- How to watch ‘Kidding’ for free 1 Year Ago
- What’s the deal with Bran Stark at the end of ‘Game of Thrones’? Today 6:30 AM
- How to watch TruTV online for free Today 6:00 AM
- Fans call out Madonna for edited Eurovision video Tuesday 9:36 PM
- Partnered Twitch streamer temporarily banned for airing troll’s racist message Tuesday 8:45 PM
- Reddit theory says fans are wrong about who won ‘Game of Thrones’ Tuesday 6:52 PM
- Elon Musk hires ‘absolute unit’ sheep meme creator to be Tesla’s social media manager Tuesday 6:12 PM
- Jason Momoa stands by his Khaleesi after the ‘Game of Thrones’ finale Tuesday 4:05 PM
- Airbnb, 23andMe partner for creepy heritage travel recommendations Tuesday 3:26 PM
- Rep. Katie Porter goes viral again for trouncing Ben Carson (updated) Tuesday 3:26 PM
- This deepfake takes Bill Hader’s Schwarzenegger impression to the next level Tuesday 2:58 PM
- Wanda Sykes rails against Trump and offers much-needed perspective in ‘Not Normal’ Tuesday 2:41 PM
- Man arrested after allegedly threatening to shoot YouTube employees Tuesday 2:13 PM
- Some House Dems are backing away from the Save the Internet Act Tuesday 1:40 PM
- Thousands sign petition calling for Danny DeVito to play Wolverine Tuesday 1:02 PM
YouTube illegally collects data on kids, claim child protection groups
Nearly two dozen groups are targeting YouTube.
As YouTube tries to make its site safer for children, nearly two dozen child advocacy and privacy groups have launched a complaint, alleging that Google is illegally collecting the personal data of users under 13 years old.
According to the Guardian, 23 groups involved with child advocacy, consumer issues, and privacy filed the complaint against the Federal Trade Commission (FTC), saying that YouTube advertises to those under the age of 13, that it collects their data, and that it tracks them across different websites without obtaining parental consent as required by federal law.
“For years, Google has abdicated its responsibility to kids and families by disingenuously claiming YouTube—a site rife with popular cartoons, nursery rhymes, and toy ads—is not for children under 13,” Josh Golin, executive director of the Campaign for a Commercial-Free Childhood, said, via the newspaper. “Google profits immensely by delivering ads to kids and must comply with COPPA [the Children’s Online Privacy Protection Act]. It’s time for the FTC to hold Google accountable for its illegal data collection and advertising practices.”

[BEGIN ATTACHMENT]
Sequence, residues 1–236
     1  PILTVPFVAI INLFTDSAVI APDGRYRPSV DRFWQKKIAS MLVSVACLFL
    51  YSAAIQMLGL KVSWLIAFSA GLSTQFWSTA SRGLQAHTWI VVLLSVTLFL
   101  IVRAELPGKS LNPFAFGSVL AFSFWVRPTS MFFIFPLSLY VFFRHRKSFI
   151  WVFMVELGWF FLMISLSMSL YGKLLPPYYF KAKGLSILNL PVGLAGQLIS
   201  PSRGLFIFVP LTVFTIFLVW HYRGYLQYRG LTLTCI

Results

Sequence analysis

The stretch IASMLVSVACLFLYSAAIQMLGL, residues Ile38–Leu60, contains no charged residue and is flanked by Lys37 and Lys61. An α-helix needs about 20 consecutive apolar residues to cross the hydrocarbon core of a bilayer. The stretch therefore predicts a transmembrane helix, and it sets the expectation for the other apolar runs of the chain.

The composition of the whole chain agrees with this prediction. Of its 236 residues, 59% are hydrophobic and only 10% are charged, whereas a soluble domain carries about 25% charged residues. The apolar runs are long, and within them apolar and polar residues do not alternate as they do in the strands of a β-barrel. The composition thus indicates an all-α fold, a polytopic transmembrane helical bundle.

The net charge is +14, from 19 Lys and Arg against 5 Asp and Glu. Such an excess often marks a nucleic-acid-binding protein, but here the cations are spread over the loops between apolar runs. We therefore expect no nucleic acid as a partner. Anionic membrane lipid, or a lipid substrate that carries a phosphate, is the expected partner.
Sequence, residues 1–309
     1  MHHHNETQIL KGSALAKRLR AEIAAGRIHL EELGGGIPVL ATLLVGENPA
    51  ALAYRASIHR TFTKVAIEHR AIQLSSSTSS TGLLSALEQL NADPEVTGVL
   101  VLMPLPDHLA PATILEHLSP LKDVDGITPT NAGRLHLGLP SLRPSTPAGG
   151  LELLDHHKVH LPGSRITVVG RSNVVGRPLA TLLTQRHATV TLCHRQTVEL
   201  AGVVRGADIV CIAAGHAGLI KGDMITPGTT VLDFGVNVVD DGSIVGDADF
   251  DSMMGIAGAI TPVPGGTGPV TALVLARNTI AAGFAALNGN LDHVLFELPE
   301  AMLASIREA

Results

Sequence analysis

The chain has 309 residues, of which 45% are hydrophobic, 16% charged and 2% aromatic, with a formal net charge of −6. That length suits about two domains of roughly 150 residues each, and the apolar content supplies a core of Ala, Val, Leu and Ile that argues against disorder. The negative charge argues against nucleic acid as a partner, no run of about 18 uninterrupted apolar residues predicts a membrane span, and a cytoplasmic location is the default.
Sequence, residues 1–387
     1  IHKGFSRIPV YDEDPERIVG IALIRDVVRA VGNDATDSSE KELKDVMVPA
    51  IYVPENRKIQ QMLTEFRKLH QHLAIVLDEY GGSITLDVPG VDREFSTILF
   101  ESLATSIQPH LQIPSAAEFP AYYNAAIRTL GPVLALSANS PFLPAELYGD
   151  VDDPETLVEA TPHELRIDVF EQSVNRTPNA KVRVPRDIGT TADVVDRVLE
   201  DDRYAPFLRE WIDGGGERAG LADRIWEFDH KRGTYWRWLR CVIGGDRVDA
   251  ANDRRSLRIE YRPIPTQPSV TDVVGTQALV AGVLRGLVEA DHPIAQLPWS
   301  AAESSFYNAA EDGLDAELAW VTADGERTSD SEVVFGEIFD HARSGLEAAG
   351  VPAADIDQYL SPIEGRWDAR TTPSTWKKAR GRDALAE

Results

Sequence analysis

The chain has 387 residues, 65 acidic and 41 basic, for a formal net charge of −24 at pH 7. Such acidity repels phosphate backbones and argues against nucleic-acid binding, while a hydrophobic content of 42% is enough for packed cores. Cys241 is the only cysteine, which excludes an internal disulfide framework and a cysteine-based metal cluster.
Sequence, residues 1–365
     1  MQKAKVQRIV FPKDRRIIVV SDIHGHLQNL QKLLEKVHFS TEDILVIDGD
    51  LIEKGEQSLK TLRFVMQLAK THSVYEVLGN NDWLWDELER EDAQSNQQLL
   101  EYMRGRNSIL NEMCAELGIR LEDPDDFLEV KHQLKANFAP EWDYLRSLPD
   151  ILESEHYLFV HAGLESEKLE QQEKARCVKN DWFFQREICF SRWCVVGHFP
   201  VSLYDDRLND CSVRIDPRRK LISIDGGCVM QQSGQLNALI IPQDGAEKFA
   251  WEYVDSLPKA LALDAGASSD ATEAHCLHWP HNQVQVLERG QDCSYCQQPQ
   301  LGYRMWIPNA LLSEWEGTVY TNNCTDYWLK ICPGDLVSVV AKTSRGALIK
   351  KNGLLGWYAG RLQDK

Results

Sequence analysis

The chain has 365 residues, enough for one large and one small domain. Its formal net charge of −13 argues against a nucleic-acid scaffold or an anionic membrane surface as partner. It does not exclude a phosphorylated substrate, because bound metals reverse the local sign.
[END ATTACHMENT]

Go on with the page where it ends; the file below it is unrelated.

YouTube, which says the site is meant for users 13 years or older, has come under plenty of controversy for what it shows to minors. YouTube reportedly is overhauling its YouTube Kids app and using strictly human curators so conspiracy theory and other inappropriate videos aren’t aimed at children by gaming the site’s search algorithm. But so far, the site’s efforts haven’t stopped children from being targeted by those who are uploading conspiracy videos and other disturbing non-kid-friendly videos that feature Disney characters and other superheroes.
Now, these 23 groups want the FTC to investigate.
“Google has acted duplicitously by falsely claiming in its terms of service that YouTube is only for those who are age 13 or older, while it deliberately lured young people into an ad-filled digital playground,” the Center for Digital Democracy’s Jeff Chester said. “Just like Facebook, Google has focused its huge resources on generating profits instead of protecting privacy.”
Said a YouTube spokesperson in a statement: “While we haven’t received the complaint, protecting kids and families has always been a top priority for us. We will read the complaint thoroughly and evaluate if there are things we can do to improve. Because YouTube is not for children, we’ve invested significantly in the creation of the YouTube Kids app to offer an alternative specifically designed for children.”
According to CNET, a Common Sense Media survey reported that only 24 percent of children use the YouTube Kids app, while 71 percent of parents said their kids watch videos on the main YouTube site or its main app.
Josh Katzowitz is a staff writer at the Daily Dot specializing in YouTube and boxing. His work has appeared in the New York Times, Wall Street Journal, Washington Post, and Los Angeles Times. A longtime sports writer, he's covered the NFL for CBSSports.com and boxing for Forbes. His work has been noted twice in the Best American Sports Writing book series.